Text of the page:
Antibiotic resistance in Campylobacter: Emergence, transmission and persistence

Taradon Luangtongkum, Byeonghwa Jeon, Jing Han, Paul Plummer, Catherine M. Logue, Qijing Zhang

Research output: Contribution to journalReview articlepeer-review

360 Scopus citations


Campylobacter is a leading foodborne bacterial pathogen, which causes gastroenteritis in humans. This pathogenic organism is increasingly resistant to antibiotics, especially fluoroquinolones and macrolides, which are the most frequently used antimicrobials for the treatment of campylobacteriosis when clinical therapy is warranted. As a zoonotic pathogen, Campylobacter has a broad animal reservoir and infects humans via contaminated food, water or milk, Antibiotic usage in both animal agriculture and human medicine, can influence the development of antibiotic-resistant Campylobacter. This review will describe the trend in fluoroquinolone and macrolide resistance in Campylobacter, summarize the mechanisms underlying the resistance to various antibiotics and discuss the unique features associated with the emergence, transmission and persistence of antibiotic-resistant Campylobacter. Special attention will be given to recent findings and emphasis will be placed on Campylobacter resistance to fluoroquinolones and macrolides. A future perspective on antibiotic resistance and potential approaches for the control of antibiotic-resistant Campylobacter, will also be discussed.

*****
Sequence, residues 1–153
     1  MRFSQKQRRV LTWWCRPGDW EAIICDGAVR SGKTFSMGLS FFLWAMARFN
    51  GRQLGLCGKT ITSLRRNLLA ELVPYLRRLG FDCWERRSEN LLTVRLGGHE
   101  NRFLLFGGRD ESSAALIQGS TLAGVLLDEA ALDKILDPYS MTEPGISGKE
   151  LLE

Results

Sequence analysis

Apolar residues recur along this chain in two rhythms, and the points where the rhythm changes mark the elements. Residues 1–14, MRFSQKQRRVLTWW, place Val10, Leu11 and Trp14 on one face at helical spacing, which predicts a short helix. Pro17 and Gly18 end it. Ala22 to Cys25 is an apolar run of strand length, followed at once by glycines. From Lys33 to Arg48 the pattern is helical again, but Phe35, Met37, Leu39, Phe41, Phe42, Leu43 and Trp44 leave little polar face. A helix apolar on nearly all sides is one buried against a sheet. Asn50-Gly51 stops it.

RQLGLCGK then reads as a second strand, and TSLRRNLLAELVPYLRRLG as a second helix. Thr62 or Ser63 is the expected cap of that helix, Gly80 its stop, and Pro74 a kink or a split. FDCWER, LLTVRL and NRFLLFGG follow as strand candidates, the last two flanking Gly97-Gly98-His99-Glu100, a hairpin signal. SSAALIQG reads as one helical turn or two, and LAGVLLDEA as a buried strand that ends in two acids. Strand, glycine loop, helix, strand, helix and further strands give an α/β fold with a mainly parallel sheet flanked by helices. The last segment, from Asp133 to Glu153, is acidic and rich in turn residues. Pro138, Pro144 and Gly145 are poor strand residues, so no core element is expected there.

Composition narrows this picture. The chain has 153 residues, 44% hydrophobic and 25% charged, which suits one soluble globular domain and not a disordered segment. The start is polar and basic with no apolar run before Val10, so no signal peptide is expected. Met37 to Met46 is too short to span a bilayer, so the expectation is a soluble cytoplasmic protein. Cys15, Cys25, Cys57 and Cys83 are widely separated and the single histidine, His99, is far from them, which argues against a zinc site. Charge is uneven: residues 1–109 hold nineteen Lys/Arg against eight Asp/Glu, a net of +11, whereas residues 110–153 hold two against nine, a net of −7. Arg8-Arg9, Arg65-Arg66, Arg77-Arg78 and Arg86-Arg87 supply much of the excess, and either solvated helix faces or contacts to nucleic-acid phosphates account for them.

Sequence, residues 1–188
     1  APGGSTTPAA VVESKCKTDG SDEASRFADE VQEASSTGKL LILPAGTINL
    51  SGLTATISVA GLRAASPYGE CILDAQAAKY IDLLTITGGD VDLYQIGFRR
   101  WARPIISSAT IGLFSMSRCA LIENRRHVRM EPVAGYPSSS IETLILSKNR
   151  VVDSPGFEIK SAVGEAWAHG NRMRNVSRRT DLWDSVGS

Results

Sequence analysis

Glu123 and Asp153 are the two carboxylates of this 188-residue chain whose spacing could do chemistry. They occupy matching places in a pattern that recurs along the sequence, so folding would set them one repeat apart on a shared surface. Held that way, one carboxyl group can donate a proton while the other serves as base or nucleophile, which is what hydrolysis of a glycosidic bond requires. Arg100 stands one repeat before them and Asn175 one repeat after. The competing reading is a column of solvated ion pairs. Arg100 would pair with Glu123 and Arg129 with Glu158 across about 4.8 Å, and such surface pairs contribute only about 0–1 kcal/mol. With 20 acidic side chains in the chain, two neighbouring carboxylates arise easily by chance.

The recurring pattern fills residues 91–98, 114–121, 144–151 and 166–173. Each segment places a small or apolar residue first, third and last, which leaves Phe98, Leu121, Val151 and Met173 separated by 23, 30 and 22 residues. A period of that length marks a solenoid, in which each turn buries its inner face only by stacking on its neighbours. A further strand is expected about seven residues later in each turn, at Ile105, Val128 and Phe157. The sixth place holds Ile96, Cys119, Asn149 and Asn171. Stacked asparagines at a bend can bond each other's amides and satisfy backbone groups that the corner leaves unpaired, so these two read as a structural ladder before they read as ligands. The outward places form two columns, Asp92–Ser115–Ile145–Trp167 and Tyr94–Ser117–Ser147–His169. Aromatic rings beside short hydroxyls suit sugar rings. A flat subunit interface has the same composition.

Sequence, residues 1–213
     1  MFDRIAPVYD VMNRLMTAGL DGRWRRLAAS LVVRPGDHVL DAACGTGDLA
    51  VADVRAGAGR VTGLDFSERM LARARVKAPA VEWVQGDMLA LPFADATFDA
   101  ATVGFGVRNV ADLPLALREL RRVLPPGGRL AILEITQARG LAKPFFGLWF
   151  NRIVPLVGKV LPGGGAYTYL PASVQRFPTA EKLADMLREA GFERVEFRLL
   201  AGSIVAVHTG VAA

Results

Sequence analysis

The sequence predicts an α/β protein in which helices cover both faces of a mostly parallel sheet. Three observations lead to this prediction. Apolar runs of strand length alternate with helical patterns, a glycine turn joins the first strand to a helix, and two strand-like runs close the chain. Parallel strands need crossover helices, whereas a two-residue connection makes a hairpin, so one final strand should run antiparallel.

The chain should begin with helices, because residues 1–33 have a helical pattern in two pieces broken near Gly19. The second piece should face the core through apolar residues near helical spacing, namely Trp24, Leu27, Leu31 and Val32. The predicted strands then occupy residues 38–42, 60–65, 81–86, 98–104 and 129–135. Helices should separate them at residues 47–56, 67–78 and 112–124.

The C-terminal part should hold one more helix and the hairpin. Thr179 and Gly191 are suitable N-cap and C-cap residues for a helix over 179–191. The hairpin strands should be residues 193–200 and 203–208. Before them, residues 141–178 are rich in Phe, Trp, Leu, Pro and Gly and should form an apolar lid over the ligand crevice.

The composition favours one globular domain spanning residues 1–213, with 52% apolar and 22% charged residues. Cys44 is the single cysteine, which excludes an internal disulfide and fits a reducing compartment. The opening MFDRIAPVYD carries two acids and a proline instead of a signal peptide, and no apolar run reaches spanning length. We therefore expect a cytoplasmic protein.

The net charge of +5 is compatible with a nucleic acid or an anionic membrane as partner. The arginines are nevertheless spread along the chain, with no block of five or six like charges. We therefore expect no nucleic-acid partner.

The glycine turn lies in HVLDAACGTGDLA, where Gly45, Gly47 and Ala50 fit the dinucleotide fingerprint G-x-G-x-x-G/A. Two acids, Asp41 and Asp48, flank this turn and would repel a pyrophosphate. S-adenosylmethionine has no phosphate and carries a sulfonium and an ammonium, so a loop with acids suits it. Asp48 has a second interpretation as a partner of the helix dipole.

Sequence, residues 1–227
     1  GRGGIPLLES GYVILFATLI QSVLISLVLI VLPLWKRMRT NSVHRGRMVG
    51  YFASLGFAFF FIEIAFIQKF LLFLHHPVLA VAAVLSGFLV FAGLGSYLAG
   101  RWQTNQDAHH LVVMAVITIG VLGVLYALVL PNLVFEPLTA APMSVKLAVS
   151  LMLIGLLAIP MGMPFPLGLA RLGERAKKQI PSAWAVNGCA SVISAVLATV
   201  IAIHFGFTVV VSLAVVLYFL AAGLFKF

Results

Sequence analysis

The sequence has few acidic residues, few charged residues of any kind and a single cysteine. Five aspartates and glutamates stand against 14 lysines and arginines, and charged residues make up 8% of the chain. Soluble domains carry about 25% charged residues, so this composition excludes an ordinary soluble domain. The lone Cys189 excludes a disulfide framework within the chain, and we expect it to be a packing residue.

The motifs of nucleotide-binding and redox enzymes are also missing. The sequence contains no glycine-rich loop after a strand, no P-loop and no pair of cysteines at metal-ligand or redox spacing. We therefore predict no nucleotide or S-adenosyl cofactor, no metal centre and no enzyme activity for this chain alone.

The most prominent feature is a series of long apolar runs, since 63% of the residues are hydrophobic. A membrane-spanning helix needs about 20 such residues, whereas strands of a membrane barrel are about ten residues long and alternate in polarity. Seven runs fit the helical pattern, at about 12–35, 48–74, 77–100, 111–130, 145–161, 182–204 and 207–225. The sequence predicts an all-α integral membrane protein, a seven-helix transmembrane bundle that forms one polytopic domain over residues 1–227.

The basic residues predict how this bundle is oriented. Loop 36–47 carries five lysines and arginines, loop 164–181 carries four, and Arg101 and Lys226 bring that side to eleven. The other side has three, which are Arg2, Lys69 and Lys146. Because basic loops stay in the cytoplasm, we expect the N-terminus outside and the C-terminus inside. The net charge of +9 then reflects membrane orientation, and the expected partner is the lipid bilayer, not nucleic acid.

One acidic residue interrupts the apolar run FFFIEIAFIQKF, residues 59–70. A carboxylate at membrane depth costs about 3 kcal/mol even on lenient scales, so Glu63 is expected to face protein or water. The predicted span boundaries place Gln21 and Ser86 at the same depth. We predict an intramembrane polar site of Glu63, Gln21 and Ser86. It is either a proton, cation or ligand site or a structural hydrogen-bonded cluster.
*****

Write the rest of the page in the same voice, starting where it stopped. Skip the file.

Original languageEnglish (US)
Pages (from-to)189-200
Number of pages12
JournalFuture Microbiology
Issue number2
StatePublished - 2009
Externally publishedYes


  • Antibiotic resistance
  • Campylobacter
  • Ecological fitness
  • Fluoroquinolone
  • Food safety
  • Macrolide
  • Public health


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